Growing up in an area of Eastern Missouri where Osage Indians camped and hunted for 14,000 years, even a little kid can occasionally spot a hand-flaked arrowhead or spear point, according to Scott Louthauser, seasoned collector and student of Native American archeology.

On Sunday, April 22, Louthauser joined 15 artifact collectors at JP’s Sports Bar and Grill in Eureka to show off their collections and possibly trade.

The show, which attracted a steady stream of attendees, was the brainchild of Gene Portell, JP’s cook, who is a collector.

When he asked Lisa Mullinax, JP’s bar manager, to hold a show, she suggested the event be held on Earth Day and benefit a local nonprofit organization. They quickly settled on the Wolf Sanctuary, which is located in Eureka.

Louthauser’s collection is unique in that he has a number of Wadlows, monster-sized blades, flat across the bottom, that he and a friend found as one cache, maybe stored away for later use by a hunter more than a thousand years ago.

Louthauser explained that the Wadlows are usually found with Etleys, blades with shoulders for attachment to a spear or stick.

“Historians think they were preformed and later carved with hooked shoulders to be attached to a spear or stick,” he said. “Once the bottom is formed they are Etleys.”

Eastern Missouri is the site of thousands of Etley caches, which date from 3,000 to 1,000 B.C., he noted.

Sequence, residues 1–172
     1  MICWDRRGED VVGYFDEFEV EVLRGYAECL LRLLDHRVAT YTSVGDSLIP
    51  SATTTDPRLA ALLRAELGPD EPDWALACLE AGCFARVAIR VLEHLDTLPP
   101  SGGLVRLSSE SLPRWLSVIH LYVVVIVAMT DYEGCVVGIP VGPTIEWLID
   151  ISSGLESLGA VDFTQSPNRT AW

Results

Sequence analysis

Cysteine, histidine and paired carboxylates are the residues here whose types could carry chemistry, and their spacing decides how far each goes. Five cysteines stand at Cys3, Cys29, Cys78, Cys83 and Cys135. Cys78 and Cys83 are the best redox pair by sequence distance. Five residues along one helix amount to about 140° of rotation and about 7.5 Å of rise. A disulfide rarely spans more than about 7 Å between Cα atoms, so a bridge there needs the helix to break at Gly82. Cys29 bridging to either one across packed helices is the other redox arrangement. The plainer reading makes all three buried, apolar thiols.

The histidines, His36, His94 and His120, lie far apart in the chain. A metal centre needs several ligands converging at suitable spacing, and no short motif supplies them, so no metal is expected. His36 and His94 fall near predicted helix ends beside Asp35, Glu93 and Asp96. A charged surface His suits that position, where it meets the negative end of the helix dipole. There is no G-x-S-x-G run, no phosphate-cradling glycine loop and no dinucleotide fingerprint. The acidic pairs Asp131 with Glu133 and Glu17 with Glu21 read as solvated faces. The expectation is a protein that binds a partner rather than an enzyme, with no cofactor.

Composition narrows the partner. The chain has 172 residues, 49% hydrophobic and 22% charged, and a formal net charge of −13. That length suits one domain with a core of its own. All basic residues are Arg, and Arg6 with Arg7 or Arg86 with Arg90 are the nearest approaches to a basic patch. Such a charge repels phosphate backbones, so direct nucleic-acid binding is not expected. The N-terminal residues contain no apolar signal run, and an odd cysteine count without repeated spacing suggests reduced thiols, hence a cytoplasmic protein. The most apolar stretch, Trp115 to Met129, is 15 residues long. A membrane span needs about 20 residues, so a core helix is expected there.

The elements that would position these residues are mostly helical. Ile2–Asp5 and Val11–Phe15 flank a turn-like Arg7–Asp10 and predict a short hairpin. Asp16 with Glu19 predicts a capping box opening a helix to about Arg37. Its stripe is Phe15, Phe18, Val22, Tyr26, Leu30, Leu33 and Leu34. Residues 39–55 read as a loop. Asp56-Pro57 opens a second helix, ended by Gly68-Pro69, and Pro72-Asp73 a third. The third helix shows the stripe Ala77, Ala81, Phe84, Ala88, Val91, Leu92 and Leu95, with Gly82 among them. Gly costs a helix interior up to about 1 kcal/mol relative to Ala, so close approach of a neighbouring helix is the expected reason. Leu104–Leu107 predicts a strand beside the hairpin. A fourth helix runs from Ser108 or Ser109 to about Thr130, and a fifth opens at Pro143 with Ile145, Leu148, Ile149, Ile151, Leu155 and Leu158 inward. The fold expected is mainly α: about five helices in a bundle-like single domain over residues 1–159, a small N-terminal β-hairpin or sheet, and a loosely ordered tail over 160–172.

“Anyone intent on finding them can find them,” Louthauser said.

Near the show entry, Ron Mapes of Villa Ridge, a frequent pool player and docent at the Wolf Sanctuary, was anxious to show off his collection. He set up his display of arrowheads, spear points, mastodon teeth, a petrified turtle shell and a snippet of dinosaur skin, all verified by Mastodon State Park geologists.

But his most rare find is an almost complete piece of pottery with a human face worked into the crown that he found in a shallow cave in Warrenton.

“There were three overhangs there that made great places for the Indians to camp out of severe weather,” Mapes said. “I found this leaning against a tree in front of one of the caves.”

Greg Berkel from St. Louis displayed 15 cases of Stone Age spear and arrow points, which were only part of his collection.

Berkel was about 8 when he was walking alone in a creek on the family farm in Leslie when he spotted a small pointed stone. He knew immediately it was an arrowhead, but he did not become a serious collector until 16 years later.

At age 22, the drilling company he worked for was drilling in the St. Albans area when the auger pulled up a large cache of flint flaked stones. He has been collecting ever since.

“It is just something that once you start you keep going,” Portell said. “I didn’t know if this many collectors would show, but I knew there was a lot of interest in Native American archeology. The Indians were here a long time and left us a lot of stuff.”